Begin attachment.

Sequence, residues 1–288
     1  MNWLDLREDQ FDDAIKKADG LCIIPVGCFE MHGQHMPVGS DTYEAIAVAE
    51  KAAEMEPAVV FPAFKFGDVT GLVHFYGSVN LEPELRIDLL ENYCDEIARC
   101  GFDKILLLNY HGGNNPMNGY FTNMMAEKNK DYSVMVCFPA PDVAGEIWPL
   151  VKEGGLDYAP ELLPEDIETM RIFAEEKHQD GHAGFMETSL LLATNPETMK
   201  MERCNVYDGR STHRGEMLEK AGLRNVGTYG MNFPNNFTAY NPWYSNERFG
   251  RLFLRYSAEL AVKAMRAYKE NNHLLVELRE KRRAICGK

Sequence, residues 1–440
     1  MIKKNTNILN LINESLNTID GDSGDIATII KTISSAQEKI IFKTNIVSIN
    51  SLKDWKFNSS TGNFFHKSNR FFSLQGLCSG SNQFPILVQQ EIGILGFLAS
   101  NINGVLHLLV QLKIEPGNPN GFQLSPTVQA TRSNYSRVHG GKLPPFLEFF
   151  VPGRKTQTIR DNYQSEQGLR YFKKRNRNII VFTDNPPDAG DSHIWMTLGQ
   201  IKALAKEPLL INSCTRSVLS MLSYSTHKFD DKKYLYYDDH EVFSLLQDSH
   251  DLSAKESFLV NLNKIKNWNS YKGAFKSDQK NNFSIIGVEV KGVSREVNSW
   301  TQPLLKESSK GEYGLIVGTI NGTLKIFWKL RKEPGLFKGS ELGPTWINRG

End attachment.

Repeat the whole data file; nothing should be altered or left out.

Sequence, residues 1–288
     1  MNWLDLREDQ FDDAIKKADG LCIIPVGCFE MHGQHMPVGS DTYEAIAVAE
    51  KAAEMEPAVV FPAFKFGDVT GLVHFYGSVN LEPELRIDLL ENYCDEIARC
   101  GFDKILLLNY HGGNNPMNGY FTNMMAEKNK DYSVMVCFPA PDVAGEIWPL
   151  VKEGGLDYAP ELLPEDIETM RIFAEEKHQD GHAGFMETSL LLATNPETMK
   201  MERCNVYDGR STHRGEMLEK AGLRNVGTYG MNFPNNFTAY NPWYSNERFG
   251  RLFLRYSAEL AVKAMRAYKE NNHLLVELRE KRRAICGK

Sequence, residues 1–440
     1  MIKKNTNILN LINESLNTID GDSGDIATII KTISSAQEKI IFKTNIVSIN
    51  SLKDWKFNSS TGNFFHKSNR FFSLQGLCSG SNQFPILVQQ EIGILGFLAS
   101  NINGVLHLLV QLKIEPGNPN GFQLSPTVQA TRSNYSRVHG GKLPPFLEFF
   151  VPGRKTQTIR DNYQSEQGLR YFKKRNRNII VFTDNPPDAG DSHIWMTLGQ
   201  IKALAKEPLL INSCTRSVLS MLSYSTHKFD DKKYLYYDDH EVFSLLQDSH
   251  DLSAKESFLV NLNKIKNWNS YKGAFKSDQK NNFSIIGVEV KGVSREVNSW
   301  TQPLLKESSK GEYGLIVGTI NGTLKIFWKL RKEPGLFKGS ELGPTWINRG